BY SUSAN ESTRICH
Would she? She would.
It was inevitable.
Now where is that tingling feeling?
I remember when Fritz Mondale announced that he had chosen Geraldine Ferraro as his running mate. Mind you, I knew – I’d already switched her hotel rooms around. But I still got that tingling feeling gathered in front of a television, watching our own walls tumbling down.
This time, everyone knew it was coming. It wasn’t some far-off dream of a handful of crazed feminists. It was Sunday, and the favorite to be the next president of the United States was just making it official. How remarkably unremarkable.
But it will be truly remarkable if she wins. That’s what matters here. Not having a woman run or run as a serious candidate or run in a general election. Having a woman win.
And no one is in a better position to win this race than the candidate who happens to be a woman.
Usually, foreign policy doesn’t matter. We vote bread and butter. But those pictures of ISIS beheading sympathetic journalists are hard to forget. And Hillary Clinton probably has more real foreign-policy experience than anyone to assume the presidency before her.
The real challenge of this campaign, on the Democratic side, is to find something to talk about. We’ve been talking about the Clintons for decades. Most Americans – I think luckily for them – have no idea what Whitewater was and no visible interest in learning. I’ve had to explain the “blue dress” to young people who have never heard of it and can’t believe that it once commanded the world stage. We may or may not be “weary” of the Clintons, but we have been amazingly well informed for many political lives.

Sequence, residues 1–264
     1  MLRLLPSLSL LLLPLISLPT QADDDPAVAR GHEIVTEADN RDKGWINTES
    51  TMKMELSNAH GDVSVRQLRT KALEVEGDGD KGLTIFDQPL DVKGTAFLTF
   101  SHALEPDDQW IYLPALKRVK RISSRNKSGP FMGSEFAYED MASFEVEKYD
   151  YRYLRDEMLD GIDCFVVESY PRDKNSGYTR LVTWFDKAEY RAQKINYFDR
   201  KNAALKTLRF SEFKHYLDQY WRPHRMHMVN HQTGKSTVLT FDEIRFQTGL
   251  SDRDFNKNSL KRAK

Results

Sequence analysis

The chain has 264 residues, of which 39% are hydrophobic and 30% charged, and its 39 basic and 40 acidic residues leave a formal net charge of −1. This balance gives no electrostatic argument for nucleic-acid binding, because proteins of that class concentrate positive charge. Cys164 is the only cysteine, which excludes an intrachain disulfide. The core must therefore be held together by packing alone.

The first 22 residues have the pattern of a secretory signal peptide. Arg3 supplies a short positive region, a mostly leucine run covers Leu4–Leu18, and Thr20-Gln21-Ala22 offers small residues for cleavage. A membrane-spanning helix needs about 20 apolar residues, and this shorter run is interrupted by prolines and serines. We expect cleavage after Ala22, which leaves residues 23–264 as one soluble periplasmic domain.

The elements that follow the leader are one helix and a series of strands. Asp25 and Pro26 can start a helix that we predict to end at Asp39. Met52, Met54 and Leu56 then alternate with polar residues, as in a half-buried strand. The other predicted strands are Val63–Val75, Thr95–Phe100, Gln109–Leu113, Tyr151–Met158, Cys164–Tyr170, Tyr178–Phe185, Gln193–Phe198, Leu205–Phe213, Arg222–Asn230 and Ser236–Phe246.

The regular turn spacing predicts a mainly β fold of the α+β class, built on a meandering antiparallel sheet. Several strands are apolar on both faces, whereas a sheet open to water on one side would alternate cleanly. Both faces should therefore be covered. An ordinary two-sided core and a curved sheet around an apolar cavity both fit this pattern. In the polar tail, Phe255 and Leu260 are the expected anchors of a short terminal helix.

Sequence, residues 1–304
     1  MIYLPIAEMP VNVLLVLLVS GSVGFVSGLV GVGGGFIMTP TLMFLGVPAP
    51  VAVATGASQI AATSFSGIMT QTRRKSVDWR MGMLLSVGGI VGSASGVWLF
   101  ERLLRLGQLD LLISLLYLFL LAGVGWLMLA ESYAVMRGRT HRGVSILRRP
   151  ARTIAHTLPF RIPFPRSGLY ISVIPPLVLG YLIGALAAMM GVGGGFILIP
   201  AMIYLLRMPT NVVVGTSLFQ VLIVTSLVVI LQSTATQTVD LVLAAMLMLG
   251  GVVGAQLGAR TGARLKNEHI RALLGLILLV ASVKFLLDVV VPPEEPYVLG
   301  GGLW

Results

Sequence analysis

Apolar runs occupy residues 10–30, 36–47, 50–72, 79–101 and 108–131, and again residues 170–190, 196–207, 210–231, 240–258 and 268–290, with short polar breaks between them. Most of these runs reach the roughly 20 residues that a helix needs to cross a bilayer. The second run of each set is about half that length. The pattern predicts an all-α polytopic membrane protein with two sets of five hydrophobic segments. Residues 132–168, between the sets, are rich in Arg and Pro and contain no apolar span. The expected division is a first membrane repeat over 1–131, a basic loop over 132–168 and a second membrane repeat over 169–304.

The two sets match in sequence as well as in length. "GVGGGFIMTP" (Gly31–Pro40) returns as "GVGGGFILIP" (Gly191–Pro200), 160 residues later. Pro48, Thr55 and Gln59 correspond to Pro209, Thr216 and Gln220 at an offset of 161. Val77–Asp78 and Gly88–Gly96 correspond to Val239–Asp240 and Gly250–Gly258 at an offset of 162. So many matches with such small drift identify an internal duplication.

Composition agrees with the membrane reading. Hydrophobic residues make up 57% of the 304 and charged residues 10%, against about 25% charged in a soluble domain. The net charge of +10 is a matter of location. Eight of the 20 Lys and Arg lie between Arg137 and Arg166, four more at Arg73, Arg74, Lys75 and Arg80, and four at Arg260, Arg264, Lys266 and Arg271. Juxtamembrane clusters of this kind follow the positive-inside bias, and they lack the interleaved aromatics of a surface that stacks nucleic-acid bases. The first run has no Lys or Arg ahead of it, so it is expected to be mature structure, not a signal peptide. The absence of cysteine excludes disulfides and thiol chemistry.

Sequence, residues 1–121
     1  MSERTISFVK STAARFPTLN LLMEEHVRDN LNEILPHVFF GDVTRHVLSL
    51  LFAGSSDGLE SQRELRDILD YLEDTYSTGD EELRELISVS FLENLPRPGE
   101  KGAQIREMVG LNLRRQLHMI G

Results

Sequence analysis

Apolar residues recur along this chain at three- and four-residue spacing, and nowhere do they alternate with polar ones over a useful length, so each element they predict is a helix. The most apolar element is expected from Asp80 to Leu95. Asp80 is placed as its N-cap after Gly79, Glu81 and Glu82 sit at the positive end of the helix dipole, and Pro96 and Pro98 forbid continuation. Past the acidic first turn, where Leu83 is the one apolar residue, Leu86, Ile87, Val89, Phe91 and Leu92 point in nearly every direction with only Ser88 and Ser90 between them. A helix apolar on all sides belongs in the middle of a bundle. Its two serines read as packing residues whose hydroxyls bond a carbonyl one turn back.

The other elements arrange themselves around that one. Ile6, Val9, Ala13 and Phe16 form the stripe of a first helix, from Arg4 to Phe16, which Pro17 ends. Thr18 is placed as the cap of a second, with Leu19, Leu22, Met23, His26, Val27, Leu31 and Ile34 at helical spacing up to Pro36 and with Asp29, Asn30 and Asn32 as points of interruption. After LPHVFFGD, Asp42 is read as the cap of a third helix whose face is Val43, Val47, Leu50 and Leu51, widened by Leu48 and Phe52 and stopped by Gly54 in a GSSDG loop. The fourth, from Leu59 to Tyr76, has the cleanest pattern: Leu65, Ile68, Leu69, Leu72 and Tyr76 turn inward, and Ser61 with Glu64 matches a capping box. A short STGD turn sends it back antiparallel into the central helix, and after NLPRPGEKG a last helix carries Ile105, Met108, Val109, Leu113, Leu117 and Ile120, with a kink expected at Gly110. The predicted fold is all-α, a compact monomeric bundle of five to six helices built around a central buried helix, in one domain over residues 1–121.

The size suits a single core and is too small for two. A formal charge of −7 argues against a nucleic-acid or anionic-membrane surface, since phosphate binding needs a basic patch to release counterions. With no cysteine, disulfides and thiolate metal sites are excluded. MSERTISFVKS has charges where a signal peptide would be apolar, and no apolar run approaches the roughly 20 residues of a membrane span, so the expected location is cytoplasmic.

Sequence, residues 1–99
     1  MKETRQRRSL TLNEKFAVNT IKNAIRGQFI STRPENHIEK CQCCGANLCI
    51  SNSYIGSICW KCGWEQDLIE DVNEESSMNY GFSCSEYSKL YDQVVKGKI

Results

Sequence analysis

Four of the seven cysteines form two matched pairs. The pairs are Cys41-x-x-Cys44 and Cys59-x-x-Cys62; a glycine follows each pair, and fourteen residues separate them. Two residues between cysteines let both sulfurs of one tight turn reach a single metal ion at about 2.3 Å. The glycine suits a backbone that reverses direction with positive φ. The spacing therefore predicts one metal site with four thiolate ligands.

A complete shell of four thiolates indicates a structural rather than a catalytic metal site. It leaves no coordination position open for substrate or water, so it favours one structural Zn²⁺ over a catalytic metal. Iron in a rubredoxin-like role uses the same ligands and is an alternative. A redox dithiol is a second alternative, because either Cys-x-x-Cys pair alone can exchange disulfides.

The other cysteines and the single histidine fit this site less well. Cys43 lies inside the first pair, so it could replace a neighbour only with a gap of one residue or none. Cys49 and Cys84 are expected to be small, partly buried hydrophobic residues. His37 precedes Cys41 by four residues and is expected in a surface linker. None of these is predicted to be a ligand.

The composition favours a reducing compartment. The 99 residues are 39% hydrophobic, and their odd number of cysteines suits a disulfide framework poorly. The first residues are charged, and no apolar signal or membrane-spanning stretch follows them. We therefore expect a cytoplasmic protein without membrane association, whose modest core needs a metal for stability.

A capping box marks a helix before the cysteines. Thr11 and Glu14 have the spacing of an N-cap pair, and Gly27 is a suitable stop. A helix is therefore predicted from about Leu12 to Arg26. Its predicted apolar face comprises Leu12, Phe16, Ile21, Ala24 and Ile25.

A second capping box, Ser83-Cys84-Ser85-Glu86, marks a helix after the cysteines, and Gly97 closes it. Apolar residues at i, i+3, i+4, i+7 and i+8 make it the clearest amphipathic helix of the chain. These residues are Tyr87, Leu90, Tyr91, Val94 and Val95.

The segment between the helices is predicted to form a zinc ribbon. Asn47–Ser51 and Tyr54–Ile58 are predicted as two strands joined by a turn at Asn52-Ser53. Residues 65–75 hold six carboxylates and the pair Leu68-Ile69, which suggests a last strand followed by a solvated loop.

The left will say she is not left enough. But really, the first woman president? Exactly how hard does the left come down on the former chair of Legal Services Corporation, a longstanding champion of the rights of families and children? This is the candidate who is going to be the target of a battering by the left? I don’t think so.
Here is what I have noticed. When I’m around elites, including elite women, they treat Hillary running as a matter of course, last night’s television, the train they’ve been waiting for, with the only question remaining being what embassy they should aim for. These women should be muzzled.
But the ladies at the lunchroom counter are not so blase. Hear any man within earshot make a negative comment about a woman, almost any woman, and you’re bound to hear, somewhere, just under her breath, a woman smirking, “Just you wait for Hillary.”
“Just you watch, Bozo,” the cashier muttered with satisfaction, and I was right there muttering with her. This time.
Maybe we’ve traded the tingle for the smirk, but there sure are more of us. Let the pundits debate whether Hillary needs to push the “woman button” harder than she did last time [every question will be framed that way], because I’m not sure it matters. It seems to me that the button is being pushed by a new generation of women, and for most of them, it’s a brand-new game.
– Susan Estrich’s columns appear regularly in The Oklahoma Observer